Kofi Annan Appoints Ahmed Djoghlaf To CBD
11th January 2006
With an rallying cry for the 'citizens of the world', Ahmed Djoghlaf took up the post of Executive Secretary to the Convention on Biological Diversity last week. Mr. Djoghlaf, formerly a senior member of the management team at the United Nations Environment Programme (UNEP), begins his term with a call for the engagement of the men, women and youth of this world in a common endeavour - reducing the rate of biodiversity loss by the year 2010.
"The achievement of the 2010 biodiversity target is of a crucial importance for everyone alive today and for our children and grandchildren and generations to be born."
"Biodiversity is essential to all of us - it is life on Earth, nothing less. During the past 50 years we have squandered one-fourth of the world's topsoil, one-fifth of its agricultural land, and one-third of its forests, while at the same time increasing our population from 2.5 billion to over 6.1 billion. We simply cannot sustain life on earth if we proceed at this rate" he cautioned.
"The Convention on Biological Diversity is about our life and the future of our children. When it comes to our life no one, individual or state, can afford to be an observer. We need all to be actively engaged in promoting in a sustainable manner, life on Earth" he said.
"The Convention has the unique potential to establish a genuine partnership for sustainable development, with all stakeholders and with all countries of the world, without exception" he stressed.
"The most important challenge facing the environment community as a whole is the fulfillment of the commitment taken by the world's Heads of State in Johannesburg at the World Summit on Sustainable Development to achieve by 2010 a substantial reduction in the rate of the loss of the biodiversity of our planet. We have only four years to fulfill this commitment. We need to redouble our efforts and join forces to ensure the success of this strategic objective. It is for this reason that I have issued today a message to all citizens of the world to join the global alliance for the promotion of life on Earth" said Mr. Djoghlaf.
"We need to galvanize and more deeply engage with all facets of national and international society, including governments, local authorities, women, children, youth, indigenous and local communities, non-governmental organizations, business, industry, scientific community and all others members of the civil society. We also need to demonstrate to all the economic, social and cultural values of biodiversity and the need to conserve, sustainably use and share it fairly and equitably," he added.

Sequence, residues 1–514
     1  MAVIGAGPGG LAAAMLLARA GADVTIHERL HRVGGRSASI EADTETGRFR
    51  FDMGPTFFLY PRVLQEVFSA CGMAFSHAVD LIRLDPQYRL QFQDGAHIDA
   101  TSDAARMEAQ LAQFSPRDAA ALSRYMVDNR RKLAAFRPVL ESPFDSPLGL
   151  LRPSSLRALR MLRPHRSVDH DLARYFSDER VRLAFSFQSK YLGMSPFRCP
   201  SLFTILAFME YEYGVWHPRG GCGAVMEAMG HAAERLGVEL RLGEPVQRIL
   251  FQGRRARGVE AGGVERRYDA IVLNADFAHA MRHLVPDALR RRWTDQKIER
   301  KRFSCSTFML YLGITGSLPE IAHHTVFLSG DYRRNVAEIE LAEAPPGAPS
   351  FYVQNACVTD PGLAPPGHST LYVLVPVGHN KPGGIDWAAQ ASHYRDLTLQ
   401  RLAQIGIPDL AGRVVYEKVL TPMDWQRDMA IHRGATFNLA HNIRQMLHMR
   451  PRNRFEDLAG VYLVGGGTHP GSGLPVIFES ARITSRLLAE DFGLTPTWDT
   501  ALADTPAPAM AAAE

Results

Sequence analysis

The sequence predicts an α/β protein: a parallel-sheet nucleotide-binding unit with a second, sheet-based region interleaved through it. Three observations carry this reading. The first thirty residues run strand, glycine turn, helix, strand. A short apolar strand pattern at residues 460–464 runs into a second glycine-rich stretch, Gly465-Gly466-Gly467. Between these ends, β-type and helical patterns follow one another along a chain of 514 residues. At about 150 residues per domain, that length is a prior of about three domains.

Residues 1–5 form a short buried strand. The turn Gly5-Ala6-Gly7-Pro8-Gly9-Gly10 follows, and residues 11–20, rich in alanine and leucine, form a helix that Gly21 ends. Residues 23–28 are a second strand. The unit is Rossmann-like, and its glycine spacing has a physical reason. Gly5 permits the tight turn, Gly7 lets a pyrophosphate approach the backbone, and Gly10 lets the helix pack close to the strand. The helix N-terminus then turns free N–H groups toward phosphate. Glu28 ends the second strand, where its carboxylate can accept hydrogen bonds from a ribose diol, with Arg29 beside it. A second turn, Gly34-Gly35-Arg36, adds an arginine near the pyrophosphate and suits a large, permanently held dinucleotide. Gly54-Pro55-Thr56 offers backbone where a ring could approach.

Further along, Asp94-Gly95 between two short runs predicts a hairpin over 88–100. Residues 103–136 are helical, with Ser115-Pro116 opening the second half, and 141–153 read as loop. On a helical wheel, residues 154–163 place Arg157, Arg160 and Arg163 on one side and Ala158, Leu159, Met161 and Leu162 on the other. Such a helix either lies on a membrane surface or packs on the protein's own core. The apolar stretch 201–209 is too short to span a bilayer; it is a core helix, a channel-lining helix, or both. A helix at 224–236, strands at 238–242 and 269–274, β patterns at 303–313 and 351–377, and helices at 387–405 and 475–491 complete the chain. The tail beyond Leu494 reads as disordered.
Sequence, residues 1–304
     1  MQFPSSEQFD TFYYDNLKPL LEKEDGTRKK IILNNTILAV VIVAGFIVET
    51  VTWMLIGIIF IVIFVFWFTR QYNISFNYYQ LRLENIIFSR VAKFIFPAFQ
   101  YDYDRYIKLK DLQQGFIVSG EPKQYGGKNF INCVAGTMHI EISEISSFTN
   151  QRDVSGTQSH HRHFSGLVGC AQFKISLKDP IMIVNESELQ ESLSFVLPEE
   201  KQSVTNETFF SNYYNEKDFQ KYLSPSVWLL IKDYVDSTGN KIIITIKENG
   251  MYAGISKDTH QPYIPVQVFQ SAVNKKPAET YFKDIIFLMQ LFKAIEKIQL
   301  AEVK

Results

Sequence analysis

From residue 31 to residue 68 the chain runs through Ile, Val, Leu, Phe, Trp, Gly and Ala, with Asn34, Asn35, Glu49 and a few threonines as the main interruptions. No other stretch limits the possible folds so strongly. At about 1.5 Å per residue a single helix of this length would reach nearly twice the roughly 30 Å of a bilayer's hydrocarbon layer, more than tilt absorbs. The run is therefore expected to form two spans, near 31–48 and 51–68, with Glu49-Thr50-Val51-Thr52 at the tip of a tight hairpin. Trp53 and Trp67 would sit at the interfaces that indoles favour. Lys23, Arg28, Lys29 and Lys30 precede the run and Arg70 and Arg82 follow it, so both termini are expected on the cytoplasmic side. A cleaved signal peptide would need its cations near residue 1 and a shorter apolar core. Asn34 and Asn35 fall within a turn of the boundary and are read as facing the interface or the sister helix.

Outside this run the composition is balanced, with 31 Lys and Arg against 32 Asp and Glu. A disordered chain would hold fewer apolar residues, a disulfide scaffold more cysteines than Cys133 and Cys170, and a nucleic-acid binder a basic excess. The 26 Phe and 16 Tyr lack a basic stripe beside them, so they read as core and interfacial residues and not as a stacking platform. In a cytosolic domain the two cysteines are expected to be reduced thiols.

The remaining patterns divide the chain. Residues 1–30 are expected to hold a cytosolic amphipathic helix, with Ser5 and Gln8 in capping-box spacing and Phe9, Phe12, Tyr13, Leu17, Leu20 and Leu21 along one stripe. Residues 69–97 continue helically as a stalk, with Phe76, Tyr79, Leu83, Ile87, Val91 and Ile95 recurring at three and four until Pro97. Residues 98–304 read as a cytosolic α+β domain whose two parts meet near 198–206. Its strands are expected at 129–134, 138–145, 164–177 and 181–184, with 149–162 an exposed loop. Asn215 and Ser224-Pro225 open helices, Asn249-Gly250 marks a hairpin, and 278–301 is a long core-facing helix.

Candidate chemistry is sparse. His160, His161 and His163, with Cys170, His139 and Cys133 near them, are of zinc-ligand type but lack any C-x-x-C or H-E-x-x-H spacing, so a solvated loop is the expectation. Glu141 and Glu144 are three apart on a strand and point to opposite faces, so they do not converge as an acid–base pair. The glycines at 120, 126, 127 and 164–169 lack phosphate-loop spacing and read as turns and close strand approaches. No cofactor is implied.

"The time for talking is over and the time for action is now. Given that the pressures on biological diversity are probably higher than at any time in the history of the world, achieving the 2010 target is without doubt a tremendous challenge. But we must take up this challenge. We have no other alternative than to win the battle for life on Earth for our own sake and for the benefit of our children, grandchildren and those generations yet to be born" said Mr Djoghlaf.
An Algerian national, Mr. Djoghlaf has pursued a distinguished diplomatic career that has included postings with the government of Algeria and UNEP.
He was appointed Assistant Executive Director of UNEP in June 2003, following his success as Director and Coordinator of UNEP's Division of the Global Environment Facility (GEF), a position he held from 1996 and where he played a key role in raising UNEP?S profile. During his tenure, the portfolio of projects grew from 6 projects worth US$ 28 million to 600 projects worth more than US$1 billion implemented in 155 countries.
Mr. Djoghlaf has a long history of working within the CBD process. He held numerous positions including Acting Principal Officer on intergovernmental issues and cooperative arrangements at the Secretariat of the CBD. Here he was in charge of meetings including the First and Second Conference of the Parties. He was, in 1994, also Special Adviser to the Executive Secretary of CBD in charge of, for example, the preparations for the First Conference of the Parties held in Nassau, Bahamas, in December that year.
Prior to joining the United Nations, Mr. Djoghlaf held a variety of important positions. He was advisor on environmental issues to the Prime Minister of Algeria and prior to that to the Minister of Foreign Affairs of Algeria. Mr. Djoghlaf was the General rapporteur of the preparatory committee of the Rio Summit and Vice President of the Negotiating committee on the Framework Convention on Climate Change as well as Chair of one of the two negotiating committees of the Convention to Combat Desertification. He holds a PhD from the University of Nancy, France, as well as four other post university degrees including Master of Arts, Government and Politics from St. John's University, New York.
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